[The dress] was all hand-beaded, and [Jef Billings, the designer] would FedEx it to the rink, because he was in LA and I was in Michigan, and then my sister and I would do fittings and take pictures and send it back to him. It was a cross-country dress. And there was always that fear that it wasn’t going to show up in time or that something else that would happen to it [laughs]. And the first time I put it on and ran through the short program, all my jumps were under-rotated, because the skirt was really heavy and it whipped — every time I jumped it would hit my thighs. And whatever he used on the skirt was really pointy, so I was getting marks all over my legs and on my thighs [laughs]. But when I went out to compete, the adrenaline kicked in and I didn’t really feel anything.
On her hair at competitions: When we first met with Mr. Callaghan, he had this vision of what he wanted a female skater to look like. He wanted the shiny costumes, and every time we went to a competition, he wouldn’t settle for a ponytail or a bun — he wanted my hair really done up. So my sister and I, we would go through the hotel, or ask the concierge, or if we were in the US go through the phone book, and find a salon and book an appointment, hoping that all the hairspray and the bobby pins would stay in [laughs]. And there were some mistakes. I think I did one event where my hair was so poofy I looked like I was skating in the 1960s [laughs]. But I think it did add something to my style on the ice.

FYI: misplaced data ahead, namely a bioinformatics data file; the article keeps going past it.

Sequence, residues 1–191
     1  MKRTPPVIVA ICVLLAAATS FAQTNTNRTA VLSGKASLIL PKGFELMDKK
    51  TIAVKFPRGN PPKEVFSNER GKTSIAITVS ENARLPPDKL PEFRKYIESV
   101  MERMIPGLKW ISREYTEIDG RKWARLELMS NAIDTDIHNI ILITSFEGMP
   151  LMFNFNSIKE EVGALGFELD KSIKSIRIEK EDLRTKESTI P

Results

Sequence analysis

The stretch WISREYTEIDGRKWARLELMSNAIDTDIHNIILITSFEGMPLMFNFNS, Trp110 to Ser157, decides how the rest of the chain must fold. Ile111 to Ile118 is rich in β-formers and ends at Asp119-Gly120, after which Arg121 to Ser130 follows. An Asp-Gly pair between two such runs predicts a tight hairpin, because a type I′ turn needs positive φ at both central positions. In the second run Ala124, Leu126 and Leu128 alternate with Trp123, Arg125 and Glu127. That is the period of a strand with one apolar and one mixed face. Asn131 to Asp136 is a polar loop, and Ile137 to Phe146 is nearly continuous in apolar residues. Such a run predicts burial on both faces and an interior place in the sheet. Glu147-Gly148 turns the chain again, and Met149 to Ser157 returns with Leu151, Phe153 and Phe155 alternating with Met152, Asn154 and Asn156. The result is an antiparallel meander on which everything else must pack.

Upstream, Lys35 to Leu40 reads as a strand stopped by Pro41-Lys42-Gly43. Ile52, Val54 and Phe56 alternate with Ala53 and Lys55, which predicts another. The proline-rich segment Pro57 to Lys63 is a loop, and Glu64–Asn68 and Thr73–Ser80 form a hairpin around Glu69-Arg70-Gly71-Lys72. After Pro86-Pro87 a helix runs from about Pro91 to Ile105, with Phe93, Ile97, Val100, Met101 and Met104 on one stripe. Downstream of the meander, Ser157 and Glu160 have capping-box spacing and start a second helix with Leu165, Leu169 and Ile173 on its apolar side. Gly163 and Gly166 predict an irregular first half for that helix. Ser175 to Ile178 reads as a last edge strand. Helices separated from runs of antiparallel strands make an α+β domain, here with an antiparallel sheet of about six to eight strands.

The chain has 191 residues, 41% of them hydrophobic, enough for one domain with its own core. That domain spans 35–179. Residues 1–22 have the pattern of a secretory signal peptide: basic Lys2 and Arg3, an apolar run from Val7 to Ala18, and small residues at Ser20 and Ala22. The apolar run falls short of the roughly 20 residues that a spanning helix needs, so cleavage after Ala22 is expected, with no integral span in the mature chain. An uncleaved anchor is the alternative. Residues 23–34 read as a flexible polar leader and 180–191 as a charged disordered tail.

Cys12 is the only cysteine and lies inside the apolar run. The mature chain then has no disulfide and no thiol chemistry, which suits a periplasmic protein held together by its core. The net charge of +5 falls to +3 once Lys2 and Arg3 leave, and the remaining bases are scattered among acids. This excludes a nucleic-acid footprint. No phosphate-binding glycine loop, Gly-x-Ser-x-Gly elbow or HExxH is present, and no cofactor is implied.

On the reasons she retired from competitive skating in 2005: I had a hip injury which still bothers me today, and I couldn’t train the triple-triple [jumps] I could train before. [But] the eating disorder was the biggest problem in my life at that time. I needed to get control of it, and I needed to get help for it. When you’re struggling with an eating disorder, you don’t have a love or passion for anything. All the time I spent every day worrying about what I was going to eat, it really took over my life and any sort of joy I was getting from skating at that time.
When I look back on it, when it became a problem which was probably about two or three years earlier, I wish I had received help right away. But I think I knew that the Olympics weren’t worth whatever I was doing to my body. And I don’t think at the time I was thinking about skating or about February [the 2006 Olympics], it was like, I have to get help because I don’t think I can live like this any more. Anybody who struggles with an addiction, which is what an eating disorder is, knows that you reach a point where you can’t live like this and you know you need help, and nothing else seems to matter. I wish the timing had been different and I wish I had been able to train and to try to make the Olympic team, but I’m proud of the decision I made and that I didn’t push myself to do something that wasn’t as important as getting healthy.